Background: Pneumonia, parapneumonic effusions, and empyema continue to be significant health problems, especially in elderly individuals. Minimally invasive thoracic surgery in the treatment of empyema has been demonstrated but has not been well defined. Furthermore, it has not been determined how to choose patients who can be treated with thoracoscopy versus thoracotomy. We report the results of a strategy in which all patients were initially approached with thoracoscopy and converted to open decortication only if the lung could not be inflated to fill the chest.
Methods: A total of 172 patients underwent decortication for empyema over a 5-year period. Thoracoscopic decortication was attempted in all patients; patients were converted to open decortication if access to the pleural space was not possible, or if the lung could not be mobilized sufficiently to reach both the chest wall and the diaphragm. Proportions were compared using the chi(2) test.
Results: Of the 172 patients, 66 successfully underwent decortication with thoracoscopic techniques only. The remaining 106 patients required complete thoracotomy. No difference was found in the reoperation rate; 3 of 106 open thoracotomy patients underwent reexploration for recurrent empyema, whereas two of 66 thoracoscopy patients required reoperation for hemothorax (p = 0.347). There was a tendency for thoracoscopic patients to require reoperation for bleeding (p = 0.08); both patients taken back to the operation room for bleeding had undergone thoracoscopic pleurectomy. Eleven of 166 patients (all explored with open thoracotomy) died after decortication, for a mortality rate of 6.6%. All of these patients had gone to surgery from the intensive care unit.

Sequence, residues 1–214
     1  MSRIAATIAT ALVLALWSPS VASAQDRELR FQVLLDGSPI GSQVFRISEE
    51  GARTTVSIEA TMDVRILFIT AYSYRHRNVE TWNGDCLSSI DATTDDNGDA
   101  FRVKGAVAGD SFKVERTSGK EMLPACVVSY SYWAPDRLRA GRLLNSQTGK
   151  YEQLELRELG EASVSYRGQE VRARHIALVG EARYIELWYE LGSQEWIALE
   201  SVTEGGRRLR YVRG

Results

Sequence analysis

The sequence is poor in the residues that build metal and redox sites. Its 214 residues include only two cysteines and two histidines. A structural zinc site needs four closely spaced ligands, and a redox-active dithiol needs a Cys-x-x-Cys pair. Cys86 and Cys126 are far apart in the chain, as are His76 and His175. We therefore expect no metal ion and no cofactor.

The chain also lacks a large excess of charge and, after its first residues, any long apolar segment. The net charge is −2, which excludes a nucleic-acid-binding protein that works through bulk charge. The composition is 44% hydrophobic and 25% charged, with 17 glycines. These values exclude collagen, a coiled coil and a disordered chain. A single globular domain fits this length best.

Conclusions: Using the criteria of complete expansion of the lung surface to the chest wall and diaphragm allowed accurate selection of patients who could undergo complete thoracoscopic decortication without risk of recurrent empyema. Computed tomographic scans did not help to predict which patients would require open procedures. Thoracoscopic patients were more likely to require reoperation for bleeding if thoracoscopic pleurectomy was performed.